90’s Retro Trumpets is a faithful emulation of all things trumpet and all things recording from this magical time that crafted many of our childhoods. Thoroughly researched, this melody-making library resurrects the actual microphones and the forgotten trumpet techniques that gave these scores such unique color, tutti, and magnificence. Recorded at the MGM Scoring Stage at Sony Pictures Studios in Los Angeles.
It's shocking that the 90’s are now considered a long time ago. Many titans of the session playing world of this period have retired. As they are replaced by their younger colleagues, certain principles of musicality have been retired as well.
During the recording process of this library, Neumann M50 microphones as the Decca Tree, original preamps with their exact 90s settings and the favoured Lexicon 480 hardware reverb was used - delivering that authentic 90s sound! The delicate Avalon 2055 Class A discrete Stereo Hardware EQ that colors the high end in the most unique and hi-fi way imaginable contributes to that authentic sound too.
Over time, many subtle things have changed for trumpets. The combined result of these changes yielded a more powerful, weightier, and forward-sounding modern section. The 90’s sound was less brassy, more streamlined, cantabile, and quieter in general. Restoring some of these 90’s techniques was the critical second part of the recipe.
1+1+2 = 4: An A-list 4-trumpet ensemble of the early 90’s was often made of one Eb Horn (played by the principal), one C horn (played by the second chair), and two Bb horns (played by third and fourth chairs). The differing sizes of these horns projects an imperfect yet thick series of overtones into the room - incredibly tutti sounding, like the blending of a violin section.
Principal players were the alphas: The idea of a democratic section where each player contributes an equal percentage of the sound wasn’t a concept yet. The principal was the loudest on a unison, the principal was loudest on a divisi chord, the principal hair-pinned louder, the principal was atop always.
Vibrato: When playing tutti, Trumpet Ensembles do not use vibrato. Four trumpets vibrating at different speeds tend to sound more like a mariachi band and less like a classical trumpet section. When vibrato is heard within a section it is the principal carefully using his/her judgement when to vibrate.
A quieter, nobler tone: The overall volume of the brass section in soundtrack recording has increased over the years - partly due to upgraded mouthpieces, instruments, pedagogy, and partly due to the presence of highly brassy composer mockups. In the 90’s, the median forte was a quieter and richer tone.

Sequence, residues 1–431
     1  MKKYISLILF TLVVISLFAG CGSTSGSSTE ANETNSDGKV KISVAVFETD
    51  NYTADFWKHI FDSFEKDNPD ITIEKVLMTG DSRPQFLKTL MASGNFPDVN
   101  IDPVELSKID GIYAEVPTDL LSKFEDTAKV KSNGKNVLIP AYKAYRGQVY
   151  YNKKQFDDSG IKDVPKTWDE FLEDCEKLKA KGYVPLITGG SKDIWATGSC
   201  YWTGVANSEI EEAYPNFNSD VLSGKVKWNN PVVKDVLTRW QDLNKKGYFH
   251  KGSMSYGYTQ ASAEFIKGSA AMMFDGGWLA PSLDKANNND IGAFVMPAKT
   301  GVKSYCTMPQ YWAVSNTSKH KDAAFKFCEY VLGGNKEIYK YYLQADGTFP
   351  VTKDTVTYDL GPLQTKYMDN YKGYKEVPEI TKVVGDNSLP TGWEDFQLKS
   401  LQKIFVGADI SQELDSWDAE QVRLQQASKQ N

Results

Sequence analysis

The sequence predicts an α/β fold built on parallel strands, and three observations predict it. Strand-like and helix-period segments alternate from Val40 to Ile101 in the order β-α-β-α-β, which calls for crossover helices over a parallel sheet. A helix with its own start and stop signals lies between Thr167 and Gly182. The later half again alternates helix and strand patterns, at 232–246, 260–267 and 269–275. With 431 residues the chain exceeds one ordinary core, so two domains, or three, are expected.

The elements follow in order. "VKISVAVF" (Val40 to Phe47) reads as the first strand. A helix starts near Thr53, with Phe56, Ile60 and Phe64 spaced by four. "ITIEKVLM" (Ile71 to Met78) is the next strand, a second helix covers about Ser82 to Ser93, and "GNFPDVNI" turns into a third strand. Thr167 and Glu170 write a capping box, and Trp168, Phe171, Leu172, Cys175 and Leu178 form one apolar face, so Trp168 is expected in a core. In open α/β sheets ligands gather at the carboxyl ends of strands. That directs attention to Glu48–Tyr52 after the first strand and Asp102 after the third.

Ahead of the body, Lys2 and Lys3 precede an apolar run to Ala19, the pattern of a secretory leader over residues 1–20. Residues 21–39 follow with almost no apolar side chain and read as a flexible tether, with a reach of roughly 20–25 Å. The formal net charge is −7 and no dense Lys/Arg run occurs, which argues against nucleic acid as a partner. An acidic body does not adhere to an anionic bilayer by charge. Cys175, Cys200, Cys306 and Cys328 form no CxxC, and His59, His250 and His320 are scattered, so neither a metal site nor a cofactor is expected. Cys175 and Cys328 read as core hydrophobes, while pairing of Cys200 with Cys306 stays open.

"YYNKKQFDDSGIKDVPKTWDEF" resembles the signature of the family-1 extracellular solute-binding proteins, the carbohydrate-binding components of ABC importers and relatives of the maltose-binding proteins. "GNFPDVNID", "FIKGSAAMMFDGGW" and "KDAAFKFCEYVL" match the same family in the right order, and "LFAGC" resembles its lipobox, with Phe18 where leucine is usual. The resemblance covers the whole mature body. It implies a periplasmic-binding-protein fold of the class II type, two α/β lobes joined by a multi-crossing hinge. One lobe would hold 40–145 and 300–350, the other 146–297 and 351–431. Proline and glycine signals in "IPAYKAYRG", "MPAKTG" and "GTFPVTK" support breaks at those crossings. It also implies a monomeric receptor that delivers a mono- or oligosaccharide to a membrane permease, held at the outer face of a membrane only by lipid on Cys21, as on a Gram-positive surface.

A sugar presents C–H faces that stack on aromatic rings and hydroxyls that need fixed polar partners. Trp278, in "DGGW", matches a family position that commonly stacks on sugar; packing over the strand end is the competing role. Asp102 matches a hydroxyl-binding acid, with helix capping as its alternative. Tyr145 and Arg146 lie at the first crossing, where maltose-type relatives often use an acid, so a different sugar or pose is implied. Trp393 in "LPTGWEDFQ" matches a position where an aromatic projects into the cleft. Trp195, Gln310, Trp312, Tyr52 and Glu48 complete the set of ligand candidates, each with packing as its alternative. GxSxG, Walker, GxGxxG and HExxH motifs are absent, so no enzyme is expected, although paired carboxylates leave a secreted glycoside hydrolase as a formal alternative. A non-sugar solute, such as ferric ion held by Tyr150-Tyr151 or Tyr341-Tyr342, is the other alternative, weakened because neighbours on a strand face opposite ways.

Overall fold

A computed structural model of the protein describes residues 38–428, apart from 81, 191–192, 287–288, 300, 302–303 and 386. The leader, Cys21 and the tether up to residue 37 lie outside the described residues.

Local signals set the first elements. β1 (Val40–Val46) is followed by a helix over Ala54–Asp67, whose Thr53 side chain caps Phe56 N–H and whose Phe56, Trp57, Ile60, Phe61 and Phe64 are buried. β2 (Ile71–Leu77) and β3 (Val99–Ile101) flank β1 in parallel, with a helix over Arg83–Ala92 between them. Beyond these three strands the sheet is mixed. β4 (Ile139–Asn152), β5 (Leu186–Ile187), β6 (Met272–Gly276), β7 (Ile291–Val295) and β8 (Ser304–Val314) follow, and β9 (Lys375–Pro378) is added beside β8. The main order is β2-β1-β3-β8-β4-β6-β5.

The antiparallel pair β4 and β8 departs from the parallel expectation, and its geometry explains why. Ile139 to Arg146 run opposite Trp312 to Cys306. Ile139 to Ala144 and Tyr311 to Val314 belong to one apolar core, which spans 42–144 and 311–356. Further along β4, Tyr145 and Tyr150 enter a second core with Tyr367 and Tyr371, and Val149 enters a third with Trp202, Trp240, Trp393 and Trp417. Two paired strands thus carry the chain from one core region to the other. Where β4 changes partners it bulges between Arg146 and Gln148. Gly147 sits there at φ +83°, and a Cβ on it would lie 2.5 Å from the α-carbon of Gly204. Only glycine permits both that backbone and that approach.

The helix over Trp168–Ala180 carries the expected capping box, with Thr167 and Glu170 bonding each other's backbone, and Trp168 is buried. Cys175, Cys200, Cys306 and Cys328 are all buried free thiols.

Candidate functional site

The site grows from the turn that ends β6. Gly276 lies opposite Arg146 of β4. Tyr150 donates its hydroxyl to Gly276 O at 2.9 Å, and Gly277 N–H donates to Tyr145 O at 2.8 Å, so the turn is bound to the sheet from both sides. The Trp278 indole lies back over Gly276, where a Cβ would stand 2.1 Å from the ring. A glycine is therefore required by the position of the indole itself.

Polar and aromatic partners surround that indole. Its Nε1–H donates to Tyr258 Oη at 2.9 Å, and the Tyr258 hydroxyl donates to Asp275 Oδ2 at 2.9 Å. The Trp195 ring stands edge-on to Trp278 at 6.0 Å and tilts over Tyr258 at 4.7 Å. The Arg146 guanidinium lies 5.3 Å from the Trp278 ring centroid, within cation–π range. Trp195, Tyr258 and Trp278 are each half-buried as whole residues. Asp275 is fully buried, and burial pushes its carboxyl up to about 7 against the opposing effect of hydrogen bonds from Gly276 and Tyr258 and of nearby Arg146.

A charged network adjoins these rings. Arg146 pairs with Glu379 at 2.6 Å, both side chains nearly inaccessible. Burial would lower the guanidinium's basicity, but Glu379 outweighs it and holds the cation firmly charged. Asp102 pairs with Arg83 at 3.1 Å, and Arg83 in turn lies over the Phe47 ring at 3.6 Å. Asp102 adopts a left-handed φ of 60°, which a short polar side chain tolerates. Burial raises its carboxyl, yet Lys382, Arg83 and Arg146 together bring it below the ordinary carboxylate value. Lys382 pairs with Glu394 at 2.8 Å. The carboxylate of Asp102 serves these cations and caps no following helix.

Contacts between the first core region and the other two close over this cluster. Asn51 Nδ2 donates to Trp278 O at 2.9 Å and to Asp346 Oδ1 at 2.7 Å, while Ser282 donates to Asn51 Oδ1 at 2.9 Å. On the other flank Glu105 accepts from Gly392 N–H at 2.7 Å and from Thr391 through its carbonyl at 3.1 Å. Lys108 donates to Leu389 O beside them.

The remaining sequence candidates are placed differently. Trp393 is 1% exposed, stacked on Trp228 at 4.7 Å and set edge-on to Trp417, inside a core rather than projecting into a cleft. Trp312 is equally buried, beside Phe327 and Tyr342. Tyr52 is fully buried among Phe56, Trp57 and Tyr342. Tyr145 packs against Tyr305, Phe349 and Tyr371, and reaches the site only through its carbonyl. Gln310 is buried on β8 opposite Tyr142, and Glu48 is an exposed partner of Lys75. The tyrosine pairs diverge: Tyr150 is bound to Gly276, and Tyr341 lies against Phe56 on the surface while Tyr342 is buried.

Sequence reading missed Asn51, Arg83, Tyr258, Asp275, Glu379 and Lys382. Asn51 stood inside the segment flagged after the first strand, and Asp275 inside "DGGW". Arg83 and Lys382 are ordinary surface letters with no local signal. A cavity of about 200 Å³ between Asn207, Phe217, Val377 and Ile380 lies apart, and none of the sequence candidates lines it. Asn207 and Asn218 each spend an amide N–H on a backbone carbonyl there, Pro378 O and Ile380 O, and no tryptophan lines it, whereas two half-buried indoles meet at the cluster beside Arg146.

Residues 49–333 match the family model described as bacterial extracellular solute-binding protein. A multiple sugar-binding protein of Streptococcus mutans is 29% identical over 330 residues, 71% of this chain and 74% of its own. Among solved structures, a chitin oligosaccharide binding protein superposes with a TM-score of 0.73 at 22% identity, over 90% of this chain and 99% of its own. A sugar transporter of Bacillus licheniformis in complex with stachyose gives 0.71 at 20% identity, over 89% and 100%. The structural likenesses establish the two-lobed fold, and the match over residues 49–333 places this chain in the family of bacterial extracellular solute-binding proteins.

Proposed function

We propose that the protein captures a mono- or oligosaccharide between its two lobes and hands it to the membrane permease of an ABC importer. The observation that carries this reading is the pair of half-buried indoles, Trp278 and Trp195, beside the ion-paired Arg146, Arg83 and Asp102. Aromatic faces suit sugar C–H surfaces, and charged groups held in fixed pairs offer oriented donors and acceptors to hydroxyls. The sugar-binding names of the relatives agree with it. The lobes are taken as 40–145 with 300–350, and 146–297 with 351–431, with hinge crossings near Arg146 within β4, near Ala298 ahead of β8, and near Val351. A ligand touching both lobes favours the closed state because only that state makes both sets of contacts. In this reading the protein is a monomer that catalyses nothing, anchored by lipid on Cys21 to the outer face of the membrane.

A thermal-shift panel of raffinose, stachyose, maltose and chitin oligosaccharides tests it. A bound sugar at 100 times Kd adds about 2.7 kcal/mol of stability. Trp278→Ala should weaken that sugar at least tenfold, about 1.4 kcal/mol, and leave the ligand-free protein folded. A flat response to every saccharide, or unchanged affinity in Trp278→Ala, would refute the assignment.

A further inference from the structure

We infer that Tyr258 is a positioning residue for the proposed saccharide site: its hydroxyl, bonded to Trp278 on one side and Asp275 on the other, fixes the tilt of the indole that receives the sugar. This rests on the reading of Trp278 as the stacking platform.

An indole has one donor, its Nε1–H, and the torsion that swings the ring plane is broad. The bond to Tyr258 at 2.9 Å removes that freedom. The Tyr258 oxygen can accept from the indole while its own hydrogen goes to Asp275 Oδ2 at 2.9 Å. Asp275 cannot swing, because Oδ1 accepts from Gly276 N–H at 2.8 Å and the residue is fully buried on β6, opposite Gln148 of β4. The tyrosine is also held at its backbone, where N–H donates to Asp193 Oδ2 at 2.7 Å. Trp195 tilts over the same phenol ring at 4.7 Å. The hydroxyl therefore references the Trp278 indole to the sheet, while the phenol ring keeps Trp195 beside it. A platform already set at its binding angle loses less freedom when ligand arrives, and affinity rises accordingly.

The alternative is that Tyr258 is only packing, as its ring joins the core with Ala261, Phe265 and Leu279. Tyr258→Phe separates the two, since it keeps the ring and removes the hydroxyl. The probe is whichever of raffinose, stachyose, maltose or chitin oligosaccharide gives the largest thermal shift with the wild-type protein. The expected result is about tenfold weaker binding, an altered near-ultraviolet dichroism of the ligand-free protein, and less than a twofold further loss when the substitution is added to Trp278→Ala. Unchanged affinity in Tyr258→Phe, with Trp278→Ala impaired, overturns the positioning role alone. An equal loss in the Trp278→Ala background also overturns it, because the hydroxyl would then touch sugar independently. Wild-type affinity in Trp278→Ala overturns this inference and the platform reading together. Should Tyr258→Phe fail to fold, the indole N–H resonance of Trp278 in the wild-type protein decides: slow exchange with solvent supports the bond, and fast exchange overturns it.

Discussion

The Performance Tab contains a visual representation of the 6 key switches, the vibrato indicator, and representation of the dynamics (mod wheel) and the attack level (velocity).
The Playability Tab allows you to mute the attack overlay and change its volume.
The attack overlay naturally increases in volume as the dynamics increase.
Auto Borrow may also be engaged to make trills sound more natural. During times of low note variation, this function borrows notes from surrounding pitches.
Dynamics Scaling: the sweet spot can be moved to accommodate a variety of keyboards and playing styles.
The Legato Feel can be adjusted for slow or fast playing styles. This control allows more or less time for the legato transitions.
The T1 and T234 buttons will mute the 1st trumpet and trumpets 2, 3, and 4 respectively.
The FX tab contains 3 basic effects: tape saturation, EQ, and reverb.
The amount of tape saturation can be adjusted by the preamp gain. We recommend levels at or below 6.0dB to prevent unwanted distortion.
The reverb contains a few great presets that were sampled from the original Lexicon 480 hardware. The default setting is the one most commonly used for film score recording from the early 90s. These are user-adjustable.
The Settings Tab allows you to extend the range of the trumpets beyond what was recorded, turn the keyswitches into latching mode, rather than momentary, and allows you to migrate the keyswitches to another part of your keyboard.
Each page allows a help screen overlay. Just press the ? question mark at the top-right.
The following reviews have been placed by customers who also bought this product from us. All reviews are provided through eKomi, Europe’s largest independent customer review company.
90's Retro Trumpets klingt, wie auch andere Cinesamples Produkte (Guo Cello), bereits in den Grundeinstellungen hervorragend. Polyphone Stücke sind zwar nur über einen Umweg komponierbar (man teile die erste Trompete von den übrigen drei Trompeten ab), aber hier geht es vor allem um die für 90er (und 80er) Filmmusik typische monophone Melodienführung, man denke etwa an Apollo 13, Jurassic Park usw. Für diesen Zweck macht das Instrument genau, was es verspricht. Ich bin sehr zufrieden.
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